With a vision of replacing the county’s vehicle fleet with plug-in hybrids, San Mateo Supervisor Jerry Hill on Tuesday will urge local officials to pressure automakers to finally get the rechargeable cars on the road.
Hill’s resolution also looks to a future in which the vehicles are readily available — directing the county to consider purchasing hybrid plug-ins whenever possible.
If the resolution is passed, San Mateo County would join several Bay Area cities and counties sending strong signals to auto manufacturers that there is a large market for the vehicles.
Marin County and Berkeley, Alameda, Los Altos Hills and Sunnyvale have already asked automakers to supply their fleets with plug-in hybrids, according to Plug-in Bay Area, an organization working to bring mass-produced plug-in hybrids to the U.S. auto market.
Two weeks ago, Toyota received approval from the Japanese government to begin testing its plug-in hybrid model on public roads. General Motors Corp. and Ford Motor Corp. are also developing models.
The vehicles are conventional hybrids combined with a more powerful battery that allows for between 20 and 60 miles of gas-free, electric driving and can be recharged through a standard wall socket. They are expected to achieve mileage of 100 miles to the gallon.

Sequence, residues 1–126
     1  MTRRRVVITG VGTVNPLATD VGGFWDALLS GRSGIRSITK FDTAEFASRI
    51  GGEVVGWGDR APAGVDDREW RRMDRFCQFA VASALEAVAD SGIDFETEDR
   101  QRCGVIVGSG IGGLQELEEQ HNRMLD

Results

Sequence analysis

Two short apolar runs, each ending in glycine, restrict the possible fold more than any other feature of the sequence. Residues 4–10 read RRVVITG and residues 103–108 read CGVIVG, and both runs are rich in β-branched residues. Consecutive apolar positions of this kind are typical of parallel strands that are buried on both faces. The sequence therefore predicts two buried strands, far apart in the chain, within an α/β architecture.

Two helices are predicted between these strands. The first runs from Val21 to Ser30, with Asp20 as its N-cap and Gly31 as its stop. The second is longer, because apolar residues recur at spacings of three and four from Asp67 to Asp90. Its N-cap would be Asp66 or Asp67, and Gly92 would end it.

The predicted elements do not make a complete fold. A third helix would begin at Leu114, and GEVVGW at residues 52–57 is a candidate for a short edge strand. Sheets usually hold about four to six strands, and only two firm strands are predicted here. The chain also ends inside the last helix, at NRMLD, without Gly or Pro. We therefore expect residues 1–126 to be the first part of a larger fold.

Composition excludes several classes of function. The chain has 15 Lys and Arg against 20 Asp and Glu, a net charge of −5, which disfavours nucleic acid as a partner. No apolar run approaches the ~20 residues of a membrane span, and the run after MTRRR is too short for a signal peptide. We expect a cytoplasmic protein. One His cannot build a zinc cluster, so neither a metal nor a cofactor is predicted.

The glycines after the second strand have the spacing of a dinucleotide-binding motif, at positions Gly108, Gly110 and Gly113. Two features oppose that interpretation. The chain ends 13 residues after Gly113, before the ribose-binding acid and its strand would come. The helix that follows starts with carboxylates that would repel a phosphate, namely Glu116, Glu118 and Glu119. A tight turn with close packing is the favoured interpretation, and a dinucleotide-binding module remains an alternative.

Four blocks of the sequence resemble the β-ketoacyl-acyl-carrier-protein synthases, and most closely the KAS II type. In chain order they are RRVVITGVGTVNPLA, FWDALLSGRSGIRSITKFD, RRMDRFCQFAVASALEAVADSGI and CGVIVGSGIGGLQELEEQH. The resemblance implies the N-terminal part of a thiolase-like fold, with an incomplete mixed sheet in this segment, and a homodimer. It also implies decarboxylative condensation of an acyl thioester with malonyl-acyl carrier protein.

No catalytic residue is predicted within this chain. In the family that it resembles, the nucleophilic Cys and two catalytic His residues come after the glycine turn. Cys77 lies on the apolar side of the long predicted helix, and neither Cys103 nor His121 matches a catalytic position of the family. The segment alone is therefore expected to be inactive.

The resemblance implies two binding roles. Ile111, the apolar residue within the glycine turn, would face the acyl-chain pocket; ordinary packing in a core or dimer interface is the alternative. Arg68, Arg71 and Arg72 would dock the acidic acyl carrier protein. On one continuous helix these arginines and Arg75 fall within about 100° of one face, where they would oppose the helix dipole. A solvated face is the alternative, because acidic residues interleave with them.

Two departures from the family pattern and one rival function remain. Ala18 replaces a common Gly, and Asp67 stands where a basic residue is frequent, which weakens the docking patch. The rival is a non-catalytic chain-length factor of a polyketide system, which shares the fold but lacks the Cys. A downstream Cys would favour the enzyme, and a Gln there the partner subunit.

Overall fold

Hill said he sees plug-in hybrids as an important transition toward a larger goal — zero-emission, completely electric vehicles. In addition to its fleet of conventional hybrids, San Mateo County also has two electric vehicles used to travel short distances.
“There’s the potential that these vehicles may cost a little more, but in the long run, we’re creating the model of what government should be and with the gas savings of getting 100 miles to the gallon, it’ll pay for itself,” he said.
But reducing air pollution and greenhouse gas emissions and freeing the United States from its dependency on foreign oil are the most compelling arguments in favor of the technology, Hill said.
A study released last month by the nonprofit research group Electric Power Research Institute, and environmental group the National Resources Defense Council, concluded that if drivers used plug-in hybrids in large numbers, the U.S. could reduce its greenhouse gas emissions sharply by 2050.
A market share of 60 percent or more plug-ins could reduce the emissions by 450 million metric tons, the equivalent of removing about one-thirdof the cars on the road, the study found.